While you’re in Sweden, are you working with the same Swedish hitmakers you worked with on E·MO·TION, like Mattman & Robin and Rami Yacoub? Or all new people?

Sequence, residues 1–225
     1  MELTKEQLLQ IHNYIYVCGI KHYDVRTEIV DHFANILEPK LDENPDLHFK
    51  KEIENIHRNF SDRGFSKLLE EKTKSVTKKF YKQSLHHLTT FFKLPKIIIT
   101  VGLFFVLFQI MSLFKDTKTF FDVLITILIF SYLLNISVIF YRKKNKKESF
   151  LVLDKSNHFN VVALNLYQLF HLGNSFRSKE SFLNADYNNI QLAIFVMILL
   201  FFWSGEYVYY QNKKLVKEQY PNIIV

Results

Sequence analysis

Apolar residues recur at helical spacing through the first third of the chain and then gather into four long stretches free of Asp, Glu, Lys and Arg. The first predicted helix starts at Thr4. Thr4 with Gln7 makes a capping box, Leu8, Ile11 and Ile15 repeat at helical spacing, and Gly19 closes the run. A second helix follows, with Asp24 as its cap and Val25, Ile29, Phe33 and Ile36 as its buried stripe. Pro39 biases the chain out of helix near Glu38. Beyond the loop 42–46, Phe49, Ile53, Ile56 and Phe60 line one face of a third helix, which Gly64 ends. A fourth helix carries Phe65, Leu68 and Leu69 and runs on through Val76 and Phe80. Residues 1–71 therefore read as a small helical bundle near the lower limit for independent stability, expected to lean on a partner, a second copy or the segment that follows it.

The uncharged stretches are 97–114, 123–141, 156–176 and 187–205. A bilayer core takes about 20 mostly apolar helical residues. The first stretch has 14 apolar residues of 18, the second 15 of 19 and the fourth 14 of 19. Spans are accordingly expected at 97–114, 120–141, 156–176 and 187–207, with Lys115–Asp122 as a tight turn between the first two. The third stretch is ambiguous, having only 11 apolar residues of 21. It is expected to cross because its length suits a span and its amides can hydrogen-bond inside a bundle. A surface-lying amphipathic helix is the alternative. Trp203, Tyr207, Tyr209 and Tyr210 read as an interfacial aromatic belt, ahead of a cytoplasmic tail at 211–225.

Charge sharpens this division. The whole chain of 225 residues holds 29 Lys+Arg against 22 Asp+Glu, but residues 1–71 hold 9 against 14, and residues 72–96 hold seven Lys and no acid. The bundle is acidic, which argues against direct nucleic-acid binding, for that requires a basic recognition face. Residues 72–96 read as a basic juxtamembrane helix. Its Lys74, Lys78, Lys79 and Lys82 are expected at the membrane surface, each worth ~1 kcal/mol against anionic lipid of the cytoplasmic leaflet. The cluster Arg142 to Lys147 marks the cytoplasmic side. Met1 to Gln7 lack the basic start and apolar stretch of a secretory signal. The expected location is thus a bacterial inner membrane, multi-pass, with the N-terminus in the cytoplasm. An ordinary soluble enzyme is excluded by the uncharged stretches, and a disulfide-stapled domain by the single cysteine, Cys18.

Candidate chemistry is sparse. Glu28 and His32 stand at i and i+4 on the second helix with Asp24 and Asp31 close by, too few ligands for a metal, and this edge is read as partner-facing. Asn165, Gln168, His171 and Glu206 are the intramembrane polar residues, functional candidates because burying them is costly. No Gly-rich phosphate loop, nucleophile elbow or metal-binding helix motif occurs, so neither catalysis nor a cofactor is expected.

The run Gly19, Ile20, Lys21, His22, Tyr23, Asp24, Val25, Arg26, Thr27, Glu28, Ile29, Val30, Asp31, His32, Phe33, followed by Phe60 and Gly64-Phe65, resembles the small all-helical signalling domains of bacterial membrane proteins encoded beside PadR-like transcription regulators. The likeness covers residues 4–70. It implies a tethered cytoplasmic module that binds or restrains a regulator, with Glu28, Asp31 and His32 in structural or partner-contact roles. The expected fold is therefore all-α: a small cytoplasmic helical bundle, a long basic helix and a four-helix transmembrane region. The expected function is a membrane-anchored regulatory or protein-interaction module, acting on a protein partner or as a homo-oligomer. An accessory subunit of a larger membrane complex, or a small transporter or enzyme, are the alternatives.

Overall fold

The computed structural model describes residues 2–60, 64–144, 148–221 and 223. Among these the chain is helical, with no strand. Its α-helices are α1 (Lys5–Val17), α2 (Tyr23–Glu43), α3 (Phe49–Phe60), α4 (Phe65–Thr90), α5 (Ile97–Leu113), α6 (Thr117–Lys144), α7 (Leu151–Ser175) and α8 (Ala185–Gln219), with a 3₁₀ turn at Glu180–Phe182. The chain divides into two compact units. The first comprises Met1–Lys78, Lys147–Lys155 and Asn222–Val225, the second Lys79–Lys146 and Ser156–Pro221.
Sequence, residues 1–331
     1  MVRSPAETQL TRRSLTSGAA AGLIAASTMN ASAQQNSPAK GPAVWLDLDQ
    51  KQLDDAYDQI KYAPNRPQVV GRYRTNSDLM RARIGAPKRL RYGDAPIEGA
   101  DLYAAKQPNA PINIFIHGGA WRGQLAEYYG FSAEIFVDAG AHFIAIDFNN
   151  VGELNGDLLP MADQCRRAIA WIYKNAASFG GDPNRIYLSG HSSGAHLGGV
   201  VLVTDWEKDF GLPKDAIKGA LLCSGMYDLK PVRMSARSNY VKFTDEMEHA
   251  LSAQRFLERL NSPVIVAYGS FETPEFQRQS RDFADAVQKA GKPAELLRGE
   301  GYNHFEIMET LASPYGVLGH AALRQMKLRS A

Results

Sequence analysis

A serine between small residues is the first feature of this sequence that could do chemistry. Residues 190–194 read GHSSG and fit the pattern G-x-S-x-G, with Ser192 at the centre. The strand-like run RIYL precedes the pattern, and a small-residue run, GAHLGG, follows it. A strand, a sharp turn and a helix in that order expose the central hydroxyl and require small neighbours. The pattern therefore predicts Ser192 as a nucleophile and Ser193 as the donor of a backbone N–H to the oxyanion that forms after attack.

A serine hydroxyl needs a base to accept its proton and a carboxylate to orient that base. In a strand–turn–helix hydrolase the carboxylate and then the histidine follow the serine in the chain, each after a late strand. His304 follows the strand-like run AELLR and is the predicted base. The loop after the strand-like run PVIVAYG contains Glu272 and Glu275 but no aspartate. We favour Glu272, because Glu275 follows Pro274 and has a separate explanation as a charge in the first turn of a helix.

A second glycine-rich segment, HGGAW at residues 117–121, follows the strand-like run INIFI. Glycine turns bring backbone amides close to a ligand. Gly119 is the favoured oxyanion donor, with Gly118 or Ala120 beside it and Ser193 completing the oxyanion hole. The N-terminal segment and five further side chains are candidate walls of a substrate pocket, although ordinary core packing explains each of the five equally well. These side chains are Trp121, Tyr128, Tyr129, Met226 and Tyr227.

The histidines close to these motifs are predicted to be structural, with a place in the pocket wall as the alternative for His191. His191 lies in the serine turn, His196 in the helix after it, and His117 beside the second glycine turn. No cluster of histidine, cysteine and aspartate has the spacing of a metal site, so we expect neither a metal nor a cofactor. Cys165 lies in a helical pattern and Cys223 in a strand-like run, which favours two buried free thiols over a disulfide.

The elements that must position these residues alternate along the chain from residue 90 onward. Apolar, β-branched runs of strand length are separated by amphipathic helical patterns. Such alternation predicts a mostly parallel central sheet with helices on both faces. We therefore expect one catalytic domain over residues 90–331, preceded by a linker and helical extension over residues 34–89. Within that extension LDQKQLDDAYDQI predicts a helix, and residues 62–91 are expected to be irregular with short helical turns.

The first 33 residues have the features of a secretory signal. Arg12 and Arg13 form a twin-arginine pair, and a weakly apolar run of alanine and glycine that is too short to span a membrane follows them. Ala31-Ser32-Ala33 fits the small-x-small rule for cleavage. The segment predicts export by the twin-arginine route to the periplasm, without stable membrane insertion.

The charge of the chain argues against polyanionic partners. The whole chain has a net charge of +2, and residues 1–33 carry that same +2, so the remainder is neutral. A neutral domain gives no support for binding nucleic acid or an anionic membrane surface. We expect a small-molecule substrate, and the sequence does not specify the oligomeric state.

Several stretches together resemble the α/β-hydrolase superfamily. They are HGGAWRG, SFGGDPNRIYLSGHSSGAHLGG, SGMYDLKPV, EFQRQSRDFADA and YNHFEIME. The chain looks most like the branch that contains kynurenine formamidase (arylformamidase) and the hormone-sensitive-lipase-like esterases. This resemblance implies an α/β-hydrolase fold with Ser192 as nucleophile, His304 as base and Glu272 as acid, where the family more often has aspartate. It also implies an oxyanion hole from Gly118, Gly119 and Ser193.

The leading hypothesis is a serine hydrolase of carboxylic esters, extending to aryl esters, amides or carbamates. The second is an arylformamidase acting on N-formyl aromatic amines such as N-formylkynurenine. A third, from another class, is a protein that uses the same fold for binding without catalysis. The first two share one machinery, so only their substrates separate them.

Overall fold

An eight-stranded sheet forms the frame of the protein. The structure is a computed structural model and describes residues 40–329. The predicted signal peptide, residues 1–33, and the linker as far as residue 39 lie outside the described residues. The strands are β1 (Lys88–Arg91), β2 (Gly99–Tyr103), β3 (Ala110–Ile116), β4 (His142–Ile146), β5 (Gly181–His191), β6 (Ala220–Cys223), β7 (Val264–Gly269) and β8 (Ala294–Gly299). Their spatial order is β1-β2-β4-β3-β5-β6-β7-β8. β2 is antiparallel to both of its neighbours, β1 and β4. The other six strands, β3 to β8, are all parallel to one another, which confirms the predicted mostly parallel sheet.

A bit of both. The people that you just mentioned, Mattman & Robin and Rami, we actually have already done some sessions together on the new album. But it’s also been fun to explore some new directions. I was really into the Robyn material, and that’s what led me to [“Dancing on My Own” producer] Patrik Berger, who is one of the main writers I’m working with here along with Pontus Winnberg [of Bloodshy & Avant and Miike Snow]. We’ve gotten on this really good flow right now. We’re all reaching for the same thing, and when that happens you’ve got to stay in that pool until you figure out where you’re going. I’m here for 13 days, wrapping up. This is my fourth trip to Sweden so far for this album alone. I’m really excited to show you what we’ve been working on.